Tuesday, November 25, 2008

Tymoshenko in Sweden

PM Tymoshenko visited Sweden several days ago and gave an interview to the 'Dagens Nyheter' newspaper.

I've pushed it through a translation package - here is most of it:

We want to be part of a European security structure, but since only a minority of Ukrainians want to join NATO membership of the defense alliance is not relevant, the Ukrainian government chief Mrs Yulia Timoshenko told DN. However she hopes on an association agreement with EU as early as next autumn.

Ukraine's Prime Minister, Mrs Yulia Timoshenko is to visit Sweden - her first - the middle of an extremely difficult period at home. Right now shaken Ukraine of perhaps the worst political and economic crisis in the young country's history. The visit would have taken place in May but was postponed because of the permanent political internal strife that seems to be the Slavic nation's fate.

That she has arrived in Stockholm despite turmoil at home due mainly to Sweden occupies the presidency of the EU in the second half of 2009. The hope is that Sweden may steer the Ukraine to an association agreement with EU.

- It's almost like pure vacation to come to this clean and orderly country, she says with a smile just before attending a meeting with Prime Minister Fredrik Reinfeldt.

The night before, she had been to dinner with Foreign Minister Carl Bildt and Swedish business executives. The latter are important, she stresses, given that Sweden is one of the biggest investors in Ukraine, and welcome even more.

All political forces in Ukraine agree on the approach to the European Union.

"The 'Eastern partnership', which was initiated by Sweden gives us a way into the EU. Next autumn, we expect a new association agreement, with a free trade zone. And a door open for a future Ukrainian membership in the European Union."

If the majority of Ukrainians want to enter the EU, the situation is reverse in the more iconic the NATO issue. On this point also marks the Mrs Yulia Timoshenko clearly cooler attitude than President Viktor Yushchenko, who urgently want to get Ukraine into NATO.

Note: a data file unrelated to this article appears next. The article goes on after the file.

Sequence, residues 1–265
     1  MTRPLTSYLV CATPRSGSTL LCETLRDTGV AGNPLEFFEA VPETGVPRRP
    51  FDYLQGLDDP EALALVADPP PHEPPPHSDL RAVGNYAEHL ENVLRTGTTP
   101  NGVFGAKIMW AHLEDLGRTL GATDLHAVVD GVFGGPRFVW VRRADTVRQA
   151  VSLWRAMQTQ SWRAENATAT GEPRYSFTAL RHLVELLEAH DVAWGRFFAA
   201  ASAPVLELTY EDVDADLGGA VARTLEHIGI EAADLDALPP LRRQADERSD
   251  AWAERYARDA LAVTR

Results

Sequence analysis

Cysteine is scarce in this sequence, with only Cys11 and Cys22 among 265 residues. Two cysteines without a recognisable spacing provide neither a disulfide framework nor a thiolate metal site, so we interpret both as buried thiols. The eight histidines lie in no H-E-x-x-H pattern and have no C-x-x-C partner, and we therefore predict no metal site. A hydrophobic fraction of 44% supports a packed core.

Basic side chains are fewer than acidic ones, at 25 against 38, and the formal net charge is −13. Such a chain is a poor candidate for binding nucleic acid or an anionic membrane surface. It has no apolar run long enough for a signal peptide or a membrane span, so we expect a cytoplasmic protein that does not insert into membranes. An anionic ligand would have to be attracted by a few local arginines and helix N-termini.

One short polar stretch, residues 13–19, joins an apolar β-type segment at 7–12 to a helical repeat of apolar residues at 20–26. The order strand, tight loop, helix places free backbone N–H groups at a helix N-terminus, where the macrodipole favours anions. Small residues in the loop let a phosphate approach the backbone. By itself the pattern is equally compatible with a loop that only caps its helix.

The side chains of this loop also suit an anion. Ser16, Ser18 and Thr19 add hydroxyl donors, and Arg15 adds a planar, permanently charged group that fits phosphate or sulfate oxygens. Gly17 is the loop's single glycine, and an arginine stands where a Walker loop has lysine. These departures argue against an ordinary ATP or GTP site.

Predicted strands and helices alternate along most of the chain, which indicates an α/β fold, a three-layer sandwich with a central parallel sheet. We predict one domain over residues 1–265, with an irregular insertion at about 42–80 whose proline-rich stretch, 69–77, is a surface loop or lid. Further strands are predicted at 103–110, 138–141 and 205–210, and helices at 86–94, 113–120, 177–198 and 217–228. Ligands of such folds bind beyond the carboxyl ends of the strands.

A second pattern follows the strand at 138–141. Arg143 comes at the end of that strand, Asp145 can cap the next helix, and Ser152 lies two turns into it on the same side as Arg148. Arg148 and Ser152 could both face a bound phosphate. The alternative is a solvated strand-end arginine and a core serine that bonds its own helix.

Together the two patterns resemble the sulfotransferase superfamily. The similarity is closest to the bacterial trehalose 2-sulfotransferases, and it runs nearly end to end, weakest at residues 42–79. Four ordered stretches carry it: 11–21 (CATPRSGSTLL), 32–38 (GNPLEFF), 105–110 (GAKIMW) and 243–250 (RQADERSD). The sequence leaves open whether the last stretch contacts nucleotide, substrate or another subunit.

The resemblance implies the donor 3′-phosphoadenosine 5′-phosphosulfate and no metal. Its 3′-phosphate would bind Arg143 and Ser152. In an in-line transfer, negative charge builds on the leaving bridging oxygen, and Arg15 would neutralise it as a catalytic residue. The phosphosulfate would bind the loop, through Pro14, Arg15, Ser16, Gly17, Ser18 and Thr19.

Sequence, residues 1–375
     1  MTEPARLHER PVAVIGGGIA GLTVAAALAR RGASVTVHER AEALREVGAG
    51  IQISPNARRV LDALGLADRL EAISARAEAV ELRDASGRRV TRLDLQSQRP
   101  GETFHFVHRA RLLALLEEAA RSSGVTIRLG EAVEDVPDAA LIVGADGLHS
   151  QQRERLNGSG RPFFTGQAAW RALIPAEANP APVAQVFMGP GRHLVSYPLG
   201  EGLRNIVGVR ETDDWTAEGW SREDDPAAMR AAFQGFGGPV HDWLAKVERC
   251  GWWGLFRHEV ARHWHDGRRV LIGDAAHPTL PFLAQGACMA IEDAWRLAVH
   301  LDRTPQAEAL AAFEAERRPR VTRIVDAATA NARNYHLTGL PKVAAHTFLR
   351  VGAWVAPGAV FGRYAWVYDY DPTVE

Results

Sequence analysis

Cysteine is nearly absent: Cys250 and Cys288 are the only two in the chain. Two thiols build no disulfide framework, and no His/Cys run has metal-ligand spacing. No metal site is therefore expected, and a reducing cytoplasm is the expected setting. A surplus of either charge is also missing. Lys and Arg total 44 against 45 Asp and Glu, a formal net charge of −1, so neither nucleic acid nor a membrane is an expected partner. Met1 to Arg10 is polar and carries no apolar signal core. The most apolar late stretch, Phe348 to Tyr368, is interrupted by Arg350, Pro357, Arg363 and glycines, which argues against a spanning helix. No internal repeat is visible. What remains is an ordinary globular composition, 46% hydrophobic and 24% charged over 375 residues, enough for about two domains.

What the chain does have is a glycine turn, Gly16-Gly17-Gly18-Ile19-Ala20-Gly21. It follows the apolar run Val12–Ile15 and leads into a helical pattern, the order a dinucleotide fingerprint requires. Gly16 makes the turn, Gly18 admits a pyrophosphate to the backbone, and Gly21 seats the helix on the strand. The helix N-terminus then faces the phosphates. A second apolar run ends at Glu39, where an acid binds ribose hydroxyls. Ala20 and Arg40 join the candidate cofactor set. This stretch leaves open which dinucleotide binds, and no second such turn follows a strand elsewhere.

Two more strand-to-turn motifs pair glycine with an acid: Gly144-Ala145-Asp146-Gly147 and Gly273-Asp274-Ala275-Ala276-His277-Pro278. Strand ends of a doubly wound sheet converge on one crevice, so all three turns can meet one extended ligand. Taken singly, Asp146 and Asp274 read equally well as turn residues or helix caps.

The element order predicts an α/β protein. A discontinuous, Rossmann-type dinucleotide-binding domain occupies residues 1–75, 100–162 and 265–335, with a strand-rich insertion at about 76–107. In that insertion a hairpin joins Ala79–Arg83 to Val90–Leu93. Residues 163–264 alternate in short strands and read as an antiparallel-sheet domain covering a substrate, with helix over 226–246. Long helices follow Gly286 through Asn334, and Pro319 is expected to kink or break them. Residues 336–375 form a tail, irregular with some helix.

"Today is not more than 22-25 percent of the population supports NATO membership. Naturally, Ukraine can not stand alone, we must have been part of some form of collective security. But the most valuable for Ukraine is to preserve the unity of the country, and the NATO issue is a divisive factor. Therefore, all our parties agreed that a referendum must precede a possible entry into NATO."

The relationship with Russia is the constant question of Ukrainian politicians. Mrs Yulia Timoshenko was recently in Moscow and met Vladimir Putin, and accused ago to play under the covers with Moscow. But at the DN's question if she believes that Russia is seriously accept that Ukraine is independent she responds to Moscow lately has understood the need to have equal relationships.

"Russia is a powerful country, so they may have been difficult to reconcile with the former Soviet republics became independent states."

November 22 falls four anniversary of the "orange" revolution, led by Mrs Yulia Timoshenko and Viktor Yushchenko. Since then, the two revolutionary heroes relations turn sour, and twice their coalition has been broken. She admits that it is rooted in political ambition and competition.

"Our party wants to re-create the coalition. But we have a political system that we continually find ourselves in an election campaign. Options each year prevents politicians from agreeing. That Yushchenko and I have been dismantled safely depends on next year's presidential election. He sees me, unfortunately, more as a competitor than as a partner."

1 comment:

Blair Sheridan said...

Overall, not a bad translation, esp. for the machine type. How she and Yushchenko have been "dismantled," however, was funny!